Funnily enough during June 2015 I had crossed the busy junction outside the Bank of England and the Royal Exchange after collecting my first Chinese visa, upon that occasion I didn't invest any attention so I was very willing to be considerate second time around. Going further into the many exhibits at the Bank of England museum opened my eyes, obviously my favourite reigning queen will always be Victoria, so the coins from her days ruling Britain and its Empire impressed me much! Jane Austen had her own little feature, the new material for the new bank notes educated me that they will be more durable and be harder to forge. There's a possible new face for the fifty pound note but I haven't seen one of those for an age, they must be all disappearing overseas? London kept on showing me more, I hadn't expected much from my day within the 'City of London' but St. Paul's and the Bank of England captured my attention. Money may be changing but that bank is still coining it!

The day was pressing on but the banking types of London's beating financial centre made good viewing for sure, those suits looked just right from where I was looking! As I'll be heading to Beijing this time around I began to imagine if I'll be seeing any delectable suited individual go about town? Oh, I think there will be a few! Feeling peckish I headed for my final stop of the day, Leadenhall Market stood out to me during my pre-trip research and being a former filming location used in the Harry Potter series I saw it as a winning choice to visit. Getting on for about 1pm I was so surprised to see as many suits as I did, their drinks were most certainly of the alcoholic kind and that begged the question of what decisions they would be making in the office after those boozy beverages! I'm not one to judge but it's definitely not something that I indulge in during my dinnertime break between teaching classes. Really?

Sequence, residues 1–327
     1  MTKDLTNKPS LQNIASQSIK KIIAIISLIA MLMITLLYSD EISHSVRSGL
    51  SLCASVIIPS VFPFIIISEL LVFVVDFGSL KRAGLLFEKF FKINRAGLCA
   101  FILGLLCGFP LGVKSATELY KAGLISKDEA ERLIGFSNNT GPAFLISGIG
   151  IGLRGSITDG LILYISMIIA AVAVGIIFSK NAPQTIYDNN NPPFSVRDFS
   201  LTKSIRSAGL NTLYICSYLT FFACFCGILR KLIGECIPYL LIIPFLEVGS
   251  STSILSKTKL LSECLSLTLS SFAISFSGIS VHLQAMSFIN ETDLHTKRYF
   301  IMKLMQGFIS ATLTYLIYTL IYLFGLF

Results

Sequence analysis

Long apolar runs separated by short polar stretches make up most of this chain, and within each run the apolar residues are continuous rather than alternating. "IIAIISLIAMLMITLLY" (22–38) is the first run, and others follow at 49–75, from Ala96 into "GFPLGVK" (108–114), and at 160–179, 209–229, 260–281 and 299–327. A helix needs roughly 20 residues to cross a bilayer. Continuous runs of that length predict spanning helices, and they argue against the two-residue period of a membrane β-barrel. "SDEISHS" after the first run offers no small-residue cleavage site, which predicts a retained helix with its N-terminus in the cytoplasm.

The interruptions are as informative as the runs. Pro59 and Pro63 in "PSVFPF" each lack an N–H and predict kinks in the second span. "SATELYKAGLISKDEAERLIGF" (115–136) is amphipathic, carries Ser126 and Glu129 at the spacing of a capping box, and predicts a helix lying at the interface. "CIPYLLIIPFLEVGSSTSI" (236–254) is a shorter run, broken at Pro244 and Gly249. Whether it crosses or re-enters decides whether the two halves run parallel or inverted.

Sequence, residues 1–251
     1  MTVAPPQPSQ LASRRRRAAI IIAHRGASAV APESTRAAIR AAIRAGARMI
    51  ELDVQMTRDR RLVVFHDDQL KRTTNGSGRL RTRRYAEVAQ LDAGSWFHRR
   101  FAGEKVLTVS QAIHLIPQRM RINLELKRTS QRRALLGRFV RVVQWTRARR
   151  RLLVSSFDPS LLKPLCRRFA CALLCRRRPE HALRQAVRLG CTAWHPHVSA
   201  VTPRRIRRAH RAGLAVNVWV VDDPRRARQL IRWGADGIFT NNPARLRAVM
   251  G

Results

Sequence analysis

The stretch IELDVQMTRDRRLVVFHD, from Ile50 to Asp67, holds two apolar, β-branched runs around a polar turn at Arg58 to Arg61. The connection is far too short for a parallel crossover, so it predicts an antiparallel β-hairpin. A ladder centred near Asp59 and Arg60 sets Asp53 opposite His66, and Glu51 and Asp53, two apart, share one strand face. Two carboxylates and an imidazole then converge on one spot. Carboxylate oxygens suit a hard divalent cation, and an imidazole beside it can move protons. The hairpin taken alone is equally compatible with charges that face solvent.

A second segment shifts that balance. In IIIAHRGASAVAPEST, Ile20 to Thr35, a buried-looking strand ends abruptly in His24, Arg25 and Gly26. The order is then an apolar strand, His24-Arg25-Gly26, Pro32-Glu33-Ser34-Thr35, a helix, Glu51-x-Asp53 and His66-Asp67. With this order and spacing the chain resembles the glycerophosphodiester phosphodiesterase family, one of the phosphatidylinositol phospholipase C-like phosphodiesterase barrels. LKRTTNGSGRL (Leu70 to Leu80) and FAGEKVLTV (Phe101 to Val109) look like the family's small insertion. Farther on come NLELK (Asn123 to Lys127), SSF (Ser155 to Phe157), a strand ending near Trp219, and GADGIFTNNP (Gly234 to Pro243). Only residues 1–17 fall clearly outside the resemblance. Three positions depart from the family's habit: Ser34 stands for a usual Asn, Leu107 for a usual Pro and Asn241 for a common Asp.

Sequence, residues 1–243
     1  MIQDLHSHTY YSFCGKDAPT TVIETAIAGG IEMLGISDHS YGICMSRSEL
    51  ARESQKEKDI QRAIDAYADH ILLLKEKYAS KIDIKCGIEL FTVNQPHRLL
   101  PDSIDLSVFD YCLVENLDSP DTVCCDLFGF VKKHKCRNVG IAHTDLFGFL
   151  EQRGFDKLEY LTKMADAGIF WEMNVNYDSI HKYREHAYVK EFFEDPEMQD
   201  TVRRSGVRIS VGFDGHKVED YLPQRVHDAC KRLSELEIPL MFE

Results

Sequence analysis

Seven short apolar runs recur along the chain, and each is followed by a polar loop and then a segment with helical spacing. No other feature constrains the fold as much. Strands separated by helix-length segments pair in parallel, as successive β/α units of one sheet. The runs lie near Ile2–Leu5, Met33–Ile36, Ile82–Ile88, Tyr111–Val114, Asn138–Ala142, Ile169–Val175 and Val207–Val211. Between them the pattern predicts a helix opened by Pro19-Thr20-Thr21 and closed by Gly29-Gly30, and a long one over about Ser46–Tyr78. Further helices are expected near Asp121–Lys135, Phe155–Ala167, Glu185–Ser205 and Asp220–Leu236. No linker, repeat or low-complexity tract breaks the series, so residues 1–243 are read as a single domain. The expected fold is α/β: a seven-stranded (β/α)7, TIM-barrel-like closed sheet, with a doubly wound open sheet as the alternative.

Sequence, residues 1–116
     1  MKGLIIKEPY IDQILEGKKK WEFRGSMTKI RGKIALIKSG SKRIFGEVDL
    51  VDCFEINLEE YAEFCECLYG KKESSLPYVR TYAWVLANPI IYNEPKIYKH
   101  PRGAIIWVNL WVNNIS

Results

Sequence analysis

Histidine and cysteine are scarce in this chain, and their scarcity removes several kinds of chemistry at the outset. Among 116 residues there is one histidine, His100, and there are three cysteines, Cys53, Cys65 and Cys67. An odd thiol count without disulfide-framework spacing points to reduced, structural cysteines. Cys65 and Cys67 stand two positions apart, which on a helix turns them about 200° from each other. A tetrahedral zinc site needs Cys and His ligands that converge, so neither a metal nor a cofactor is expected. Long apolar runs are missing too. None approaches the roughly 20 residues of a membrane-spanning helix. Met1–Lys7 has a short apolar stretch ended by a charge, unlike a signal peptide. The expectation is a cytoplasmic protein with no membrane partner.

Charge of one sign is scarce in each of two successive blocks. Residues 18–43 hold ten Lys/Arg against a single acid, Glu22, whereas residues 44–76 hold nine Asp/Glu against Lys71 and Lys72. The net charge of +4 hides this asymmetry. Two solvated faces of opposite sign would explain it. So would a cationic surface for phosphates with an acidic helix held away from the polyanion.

I admired the cast-iron details of the roof, the 18th century market retained a sense of its past but effortlessly catered for the modern requirements of today's market goers. Upmarket dining options were plentiful but I was there to marvel at the architecture that had attracted me to Leadenhall Market nonetheless. Going for a burrito had to be done, keeping it simple I managed to grab a bite to eat for less than a tenner! Giving that busy burrito line some time to quieten down I took a seat just outside of Leadenhall Markets exit on Lime Street, sitting amongst a pile of towering steel and glass I turned my head to my left side to find the 'Walk Talkie' building staring back at me and the famous 'Gherkin' to the other side. For a half planned day after my Chinese visa appointment I managed to see as much as possible within the limits of the 'City of London'. Returning to Aldgate for my Uxbridge bound tube I felt very accomplished! London slayed yet again but it is so damn pricey! 

Suits, Suits & More Suits!

Joseph Harrison